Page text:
An arms dealer suited and booted in formal black tie walked side-by-side with an injured serviceman on crutches as they entered East London's Troxy Hall for a large charity dinner. It was a curious sight; I couldn't help but wonder whether the two exchanged small talk before being seated. "Shrapnel from a cluster bomb? Decent weapon that one!"
The event was a large fundraiser for injured servicemen, organised by Team Army. Amongst the invited were the arms companies from DSEI - the 'world leading defence and security event' hosted this week in London - who advertised the dinner on their official site. The sponsors of the event were Lockheed Martin, the world's largest arms company who, amongst other things, make highly destructive cluster munitions that have been banned in all countries apart from the US and Israel.
A grateful recipient of a chunk of the funds raised was the Royal British Legion's Battle Back centre, a recovery facility "designed to accelerate physical, psychological and social recovery of wounded, injured and sick Service personnel". The Royal British Legion's silence in accepting the funds was bizarre if not unsurprising; nobody, it seems, was willing to raise the obvious question as to whether fewer squaddies would be killed, injured and traumatised should lethal weaponry not be sold unscrupulously to dictators and despots around the world. This irony seems to be lost on the Legion, who run a 'Never Forget' campaign to commemorate victims of the First World War, whilst dining with the leaders of an industry that thrives on death and destruction.
The Royal British Legion, however, are by no means alone in their hypocrisy; they are joined by large sections of the government and the media in their servile acceptance of a trade fair that profits from fear, brutality and repression.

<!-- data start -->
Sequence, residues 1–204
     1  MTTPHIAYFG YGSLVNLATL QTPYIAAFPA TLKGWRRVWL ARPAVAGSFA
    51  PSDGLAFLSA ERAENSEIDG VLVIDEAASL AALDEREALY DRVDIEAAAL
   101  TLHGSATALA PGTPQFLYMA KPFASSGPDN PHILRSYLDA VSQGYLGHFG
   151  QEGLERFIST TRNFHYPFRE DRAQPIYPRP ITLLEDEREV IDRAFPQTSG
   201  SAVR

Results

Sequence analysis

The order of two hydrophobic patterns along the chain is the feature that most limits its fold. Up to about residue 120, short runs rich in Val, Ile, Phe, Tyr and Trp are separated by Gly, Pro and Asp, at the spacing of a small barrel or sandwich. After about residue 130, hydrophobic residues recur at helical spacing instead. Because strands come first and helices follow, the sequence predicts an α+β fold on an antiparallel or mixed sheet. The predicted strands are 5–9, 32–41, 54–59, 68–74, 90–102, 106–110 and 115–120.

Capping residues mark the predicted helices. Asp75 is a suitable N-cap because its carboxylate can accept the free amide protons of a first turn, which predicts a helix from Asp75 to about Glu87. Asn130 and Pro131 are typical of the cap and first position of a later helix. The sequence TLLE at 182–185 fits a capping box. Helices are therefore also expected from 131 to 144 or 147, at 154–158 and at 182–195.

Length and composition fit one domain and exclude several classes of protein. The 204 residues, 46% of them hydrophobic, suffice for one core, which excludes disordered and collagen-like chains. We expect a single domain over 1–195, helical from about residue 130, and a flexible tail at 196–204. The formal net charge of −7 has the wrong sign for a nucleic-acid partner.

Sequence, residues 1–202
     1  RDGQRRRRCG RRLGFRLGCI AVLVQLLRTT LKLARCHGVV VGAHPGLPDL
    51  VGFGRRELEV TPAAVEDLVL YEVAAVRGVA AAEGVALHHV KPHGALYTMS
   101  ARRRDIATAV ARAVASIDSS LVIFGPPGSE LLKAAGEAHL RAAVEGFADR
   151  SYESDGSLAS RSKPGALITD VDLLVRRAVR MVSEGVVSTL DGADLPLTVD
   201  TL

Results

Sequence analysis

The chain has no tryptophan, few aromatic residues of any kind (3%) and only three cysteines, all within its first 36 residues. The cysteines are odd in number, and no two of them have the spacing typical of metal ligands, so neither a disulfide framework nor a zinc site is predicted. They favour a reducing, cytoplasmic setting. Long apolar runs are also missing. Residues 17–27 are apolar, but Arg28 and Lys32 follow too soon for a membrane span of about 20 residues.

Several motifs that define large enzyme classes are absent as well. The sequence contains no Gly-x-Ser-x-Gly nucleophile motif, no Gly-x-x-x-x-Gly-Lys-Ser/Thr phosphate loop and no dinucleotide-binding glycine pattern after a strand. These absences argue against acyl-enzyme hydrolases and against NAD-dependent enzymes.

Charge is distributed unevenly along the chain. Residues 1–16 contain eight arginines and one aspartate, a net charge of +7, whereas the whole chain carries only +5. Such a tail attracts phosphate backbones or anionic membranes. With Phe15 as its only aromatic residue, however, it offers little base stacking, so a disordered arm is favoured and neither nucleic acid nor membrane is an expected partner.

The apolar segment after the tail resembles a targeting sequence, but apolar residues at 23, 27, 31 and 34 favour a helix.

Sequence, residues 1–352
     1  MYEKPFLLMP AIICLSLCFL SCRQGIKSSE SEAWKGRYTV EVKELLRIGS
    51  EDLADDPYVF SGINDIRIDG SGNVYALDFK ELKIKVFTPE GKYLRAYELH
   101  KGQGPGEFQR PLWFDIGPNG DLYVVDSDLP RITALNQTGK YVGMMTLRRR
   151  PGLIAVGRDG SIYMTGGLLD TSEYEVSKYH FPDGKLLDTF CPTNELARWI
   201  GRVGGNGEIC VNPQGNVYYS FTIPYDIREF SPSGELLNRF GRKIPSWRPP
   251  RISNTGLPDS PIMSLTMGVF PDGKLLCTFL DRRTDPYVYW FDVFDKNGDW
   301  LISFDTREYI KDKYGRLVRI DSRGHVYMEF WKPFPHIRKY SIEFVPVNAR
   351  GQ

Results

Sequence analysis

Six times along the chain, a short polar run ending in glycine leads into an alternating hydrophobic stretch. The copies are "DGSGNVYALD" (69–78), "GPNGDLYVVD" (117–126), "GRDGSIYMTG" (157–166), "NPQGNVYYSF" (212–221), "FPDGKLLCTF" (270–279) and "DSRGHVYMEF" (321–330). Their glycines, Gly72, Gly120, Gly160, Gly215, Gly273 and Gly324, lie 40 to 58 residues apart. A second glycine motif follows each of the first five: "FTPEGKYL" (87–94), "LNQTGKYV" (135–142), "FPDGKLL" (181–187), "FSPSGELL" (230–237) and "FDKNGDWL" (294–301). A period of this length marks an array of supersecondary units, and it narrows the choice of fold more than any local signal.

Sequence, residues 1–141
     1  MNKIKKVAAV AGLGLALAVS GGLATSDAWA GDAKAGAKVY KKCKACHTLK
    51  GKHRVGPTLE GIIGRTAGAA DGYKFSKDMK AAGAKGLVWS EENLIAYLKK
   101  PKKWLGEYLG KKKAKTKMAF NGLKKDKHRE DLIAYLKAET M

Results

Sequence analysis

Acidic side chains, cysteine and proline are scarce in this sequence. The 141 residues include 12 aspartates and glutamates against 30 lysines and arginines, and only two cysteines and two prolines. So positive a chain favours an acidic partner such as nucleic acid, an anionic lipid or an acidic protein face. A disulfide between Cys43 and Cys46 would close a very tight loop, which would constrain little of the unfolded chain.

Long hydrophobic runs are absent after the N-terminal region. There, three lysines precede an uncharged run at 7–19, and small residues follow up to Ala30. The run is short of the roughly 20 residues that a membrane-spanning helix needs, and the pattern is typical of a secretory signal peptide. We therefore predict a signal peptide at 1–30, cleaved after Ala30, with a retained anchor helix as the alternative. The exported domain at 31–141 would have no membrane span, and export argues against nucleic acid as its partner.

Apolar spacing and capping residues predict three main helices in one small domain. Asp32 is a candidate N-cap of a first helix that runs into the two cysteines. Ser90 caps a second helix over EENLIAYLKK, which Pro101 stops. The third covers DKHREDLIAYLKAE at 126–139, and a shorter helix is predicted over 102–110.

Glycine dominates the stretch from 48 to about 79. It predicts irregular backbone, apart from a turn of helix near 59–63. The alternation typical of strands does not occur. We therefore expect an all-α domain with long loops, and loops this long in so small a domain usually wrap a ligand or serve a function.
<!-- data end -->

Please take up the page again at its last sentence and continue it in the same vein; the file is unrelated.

MP Caroline Lucas is a notable exception, finding banned cluster bombs at the last event in 2011, and this year denouncing the illegal torture weapons that led to two companies being kicked out of the fair. Yet she seems to be a rare dissenting voice in arguing that: "it is frankly disgusting that items like this are being promoted at a supposedly legitimate trade event in Britain."
The selling of arms in London is more than just a legal question, however. It is a moral question, and one which severely undermines our legitimacy in commenting on human rights abuses around the globe. At the same time as discussing military intervention in Syria, our government extends a welcoming hand to Rostec, a Russian arms company that has provided 78% of the arms to Assad's regime. Also on the guest list at DSEI: authoritarian regimes such as Turkmenistan, Uzbekistan, Bahrain and Saudi Arabia, who have been identified by the FCO as serious human rights concerns. Amongst the items on sale at the fair was the teargas used against protestors in Egypt, Brazil and Turkey.
Boris Johnson's defence of the arms fair was particularly spineless, arguing that "it is only sensible to have legal weapons...it so happens that this country is an expert at making some of them." We can no longer continue to accept this as a sanitised 'trade fair' whilst the track record of the companies and countries involved continues to be exposed by brave campaigning groups such as Campaign Against the Arms Trade (CAAT). Our government denounces tyranny one moment then welcomes dictators to London to shop for arms the next. As one protest banner read, "this is not OK".